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Why is data integration essential to growing health systems?

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By Kyle Murphy, PhD

– For a healthcare organization growing through acquisitions, affiliations, and brand-new construction, integration is a continuous process requiring mechanisms for pushing and pulling patient data to numerous health IT systems and end-users with specific needs.

“Even though the clinic is sitting right next door, integration has gone worldwide,” says Joe Pinotti, Interface Engineer at Children’s Hospitals and Clinics of Minnesota. “You have standards for data transformation, but companies in different parts of the world have different standards of integration. The challenge involves knowing what is being sent and how can we transform that data to pass it on. That is one of the biggest challenges we have seen.”

The evolution of pediatric health system in and around the Twin Cities made integration a high priority, one addressed through an integration engine from Orion Health called Rhapsody that can eliminate the need for one-off interfaces.

“We’re on Cerner Millennium for our main HIS, Sunquest for our lab, and Nuance for our dictation systems. The EMR is housed in Cerner — that’s the mothership — and we have many ancillary systems and all kinds of different one-off’s that Rhapsody feeds,” adds Pinotti.

At Children’s Hospitals and Clinics of Minnesota data integration and transformation are one and the same. The main challenge is identifying the output inputted data needs to take the form of.

“It transforms all kinds of patient, financial data in the engine and sends to or accept its from ancillary systems where they want to be fed — it can be by file structure, transfer, HL7, etc. — whatever the user prefers we can go with Rhapsody,” Pinotti explains. “If the lab system wants ADT, we send HL7 to them. If they want it in a PDF, that’s what we give them. We could even post it to a local website as well.”

Secondarily, the pediatric health system has had to deal with the basics of moving information over the wire, which can vary depending on the telecommunications infrastructure that exists between its various sites.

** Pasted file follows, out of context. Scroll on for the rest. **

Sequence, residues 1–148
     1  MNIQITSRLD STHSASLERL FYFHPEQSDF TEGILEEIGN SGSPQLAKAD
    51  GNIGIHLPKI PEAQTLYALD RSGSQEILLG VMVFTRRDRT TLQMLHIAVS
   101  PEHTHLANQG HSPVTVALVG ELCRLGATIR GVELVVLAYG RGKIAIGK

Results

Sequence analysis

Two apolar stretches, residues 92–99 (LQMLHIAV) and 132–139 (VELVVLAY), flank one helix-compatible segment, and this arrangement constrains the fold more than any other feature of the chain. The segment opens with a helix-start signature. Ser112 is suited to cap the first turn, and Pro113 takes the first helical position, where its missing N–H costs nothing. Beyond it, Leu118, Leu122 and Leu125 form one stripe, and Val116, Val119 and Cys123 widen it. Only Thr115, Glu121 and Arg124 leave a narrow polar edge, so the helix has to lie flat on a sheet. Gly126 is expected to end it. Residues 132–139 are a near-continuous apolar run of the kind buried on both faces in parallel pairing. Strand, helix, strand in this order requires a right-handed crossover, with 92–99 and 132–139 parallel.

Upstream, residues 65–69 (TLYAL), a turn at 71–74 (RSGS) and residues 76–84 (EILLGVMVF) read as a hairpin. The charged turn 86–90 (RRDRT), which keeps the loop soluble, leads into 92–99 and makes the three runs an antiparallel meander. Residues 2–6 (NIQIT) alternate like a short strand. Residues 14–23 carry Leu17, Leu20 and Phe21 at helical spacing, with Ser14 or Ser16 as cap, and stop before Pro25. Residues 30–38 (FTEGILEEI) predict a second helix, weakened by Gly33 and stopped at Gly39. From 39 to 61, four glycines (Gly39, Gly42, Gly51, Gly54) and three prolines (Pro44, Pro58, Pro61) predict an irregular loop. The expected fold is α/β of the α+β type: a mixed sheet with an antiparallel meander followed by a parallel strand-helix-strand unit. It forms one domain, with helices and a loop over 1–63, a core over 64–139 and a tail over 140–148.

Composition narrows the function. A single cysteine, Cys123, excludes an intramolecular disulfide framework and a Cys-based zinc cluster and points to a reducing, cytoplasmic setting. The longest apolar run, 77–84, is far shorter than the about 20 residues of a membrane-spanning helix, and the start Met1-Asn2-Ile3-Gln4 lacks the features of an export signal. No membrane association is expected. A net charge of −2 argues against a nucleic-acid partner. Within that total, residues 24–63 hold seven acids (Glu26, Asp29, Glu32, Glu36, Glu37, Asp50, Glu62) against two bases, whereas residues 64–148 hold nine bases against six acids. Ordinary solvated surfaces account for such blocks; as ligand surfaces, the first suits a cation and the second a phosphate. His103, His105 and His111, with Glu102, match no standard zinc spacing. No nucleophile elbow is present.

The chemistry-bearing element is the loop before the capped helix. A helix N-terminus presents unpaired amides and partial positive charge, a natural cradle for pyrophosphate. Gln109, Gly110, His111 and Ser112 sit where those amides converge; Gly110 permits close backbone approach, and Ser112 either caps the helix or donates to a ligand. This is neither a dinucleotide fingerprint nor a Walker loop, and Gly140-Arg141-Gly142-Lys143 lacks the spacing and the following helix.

“There is also the challenge of just plain-old connectivity with some of these disparate systems,” Pinotti reveals. “The clinic may be next door or your lab system is right here, but you’re really connecting down to Kansas City to do all of this stuff because it’s cheaper. There are tons of jumps, hops, skips, and tunnels to go through to get down to Kansas City. Once we get those roadways set, they seem to work out pretty well.”

While the health IT integration efforts at Children’s Hospitals and Clinics of Minnesota are working well, there is room for improvement, says Pinotti. Those improvements tend to fall into two areas related to streamlining.

The first is getting toward a lighter code. “We’re coders and humans. During lighter times we try to improve on code in Rhapsody. We try to make it within Rhapsody as smooth as possible. That means we have to go over pieces of bulkier code, analyze the data flow, and determine how to make it better,” notes Pinotti.

The other is cutting down on unnecessary components of the engine that were thought to be vital when first deployed.

“We are also trying to cut down on the infrastructure that we have built in Rhapsody, which is all good but we don’t need a lot of it,” Pinotti maintains. “We put it in there when we were trying to get stuff into production and it worked. Now we go back and see what steps we need. It just comes with experience like using your phone — what is the fastest way to get that flashlight up on your phone…on the front page.”

For a health system to not develop an unwieldy health IT infrastructure, it needs to finds methods for simplifying how data flows from one system to another and avoiding simply dropping another obstacle between two endpoints.

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